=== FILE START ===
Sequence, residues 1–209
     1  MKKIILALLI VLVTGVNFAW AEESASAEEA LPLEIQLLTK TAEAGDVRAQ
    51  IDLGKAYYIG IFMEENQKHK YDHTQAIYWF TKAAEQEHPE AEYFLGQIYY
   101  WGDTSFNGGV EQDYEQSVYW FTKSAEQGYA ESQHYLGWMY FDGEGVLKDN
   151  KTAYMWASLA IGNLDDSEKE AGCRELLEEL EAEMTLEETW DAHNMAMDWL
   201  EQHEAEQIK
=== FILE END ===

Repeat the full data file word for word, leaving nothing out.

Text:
Sequence, residues 1–209
     1  MKKIILALLI VLVTGVNFAW AEESASAEEA LPLEIQLLTK TAEAGDVRAQ
    51  IDLGKAYYIG IFMEENQKHK YDHTQAIYWF TKAAEQEHPE AEYFLGQIYY
   101  WGDTSFNGGV EQDYEQSVYW FTKSAEQGYA ESQHYLGWMY FDGEGVLKDN
   151  KTAYMWASLA IGNLDDSEKE AGCRELLEEL EAEMTLEETW DAHNMAMDWL
   201  EQHEAEQIK